Boating in Canada Archive


In accordance with the 2010 DHS Appropriations Act, the U.S. Coast Guard terminated the transmission of all U.S. LORAN-C signals on 08 Feb 2010. U.S. Navigation Center (Homeland Security)

On Jan. 7, 2010, the U.S. announced it will begin decommissioning of all Loran-C transmitters on February 8, 2010. The service will continue temporarily to comply with Canadian agreements, but the Canadian Coast Guard has decided (not official) it will decommission its Loran-C system by Oct. 1, 2010. Contact the Canadian Coast Guard - ph: 613-998-1405. [CCG Loran-C |]

Locan-C is an electronic navigation system used for marine and air. Loran-C has been essentially replaced by the GPS, a satellite nav system. GPS and DGPS navigation receivers are inexpensive and accurate for use in recreational boating. Many aids to navigation are being removed because of these new electronic navigational systems.

Loran-C History

Loran-C was going to be phased out by 2000, but the U.S. decided to extend its use with $100 million in improvements. The new system emits very strong signals and have high timing accuracy. Loran-C is more accurate and reliable than ever.

U.S. transmitters used by Canadian boaters include Caribou ME, Nantucket MA, Shoal Cove AK, George WA. Canadian transmitters include Cape Race NL, Comfort Cove NL, Fox Harbour NL, Port Hardy BC, and Williams Lake BC.

The new Loran-C system supports new combined Loran-C/GPS receivers that provide superior navigation accuracy (although much more expensive). The new combined system provides true-north heading data for a stationary boat (valuable for controlling an autopilot). New Loran receivers do not require selecting a specific "chain", but work with all available signals. The traditional 6-foot electrical field Loran antenna will be replaced with a magnetic field antenna about 2 inches high, which will be very immune to interference from static, such as from lightning.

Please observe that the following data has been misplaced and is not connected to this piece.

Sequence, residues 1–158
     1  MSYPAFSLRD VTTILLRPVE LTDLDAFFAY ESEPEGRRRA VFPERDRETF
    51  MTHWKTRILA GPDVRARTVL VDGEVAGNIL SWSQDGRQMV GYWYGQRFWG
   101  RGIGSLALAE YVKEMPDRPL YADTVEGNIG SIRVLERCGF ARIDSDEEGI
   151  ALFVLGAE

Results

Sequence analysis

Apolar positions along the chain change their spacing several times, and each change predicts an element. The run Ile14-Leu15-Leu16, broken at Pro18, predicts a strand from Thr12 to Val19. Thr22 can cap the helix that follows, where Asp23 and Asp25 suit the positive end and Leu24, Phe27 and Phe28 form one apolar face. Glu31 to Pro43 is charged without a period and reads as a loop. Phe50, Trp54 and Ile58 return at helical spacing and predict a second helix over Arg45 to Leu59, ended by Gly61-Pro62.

Canada and the U.S. share several Loran transmitter chains to provide optimum coverage. Many countries also own and control their own Loran transmitters, separately from the U.S. government. In fact, as long as the U.S. controls GPS satellites and uses SA (selective availability) without warning, it may be prudent to use Loran-C instead.

Advantage: Highly repeatable. You can use it to return to the exact same location.

Disadvantage: Accuaracy is reduced by land masses between you and the transmitter site (does not affect GPS). Fortunately, the Canadian Hydrographic Services (CHS) Loran chart overlays are corrected for this land effect, making very accurate navigation possible even on the Great Lakes - using the actual TD output of the receiver instead of the lat/long readout (calculated assuming open-water signal paths). This produces 30 metre (100') accuracy in positioning.


  1. Highly susceptible to electrical interference from the engine, power lines and television screens. The new Loran system will be better.
  2. Requires a ground plane installed for the receiver to work well. A portable Loran can be quite useless if the antenna is in the wrong location to get a good signal or conditions are not ideal.

Thanks to Arild Jensen's information on Loran in Today's Boating magazine, Spring 97.

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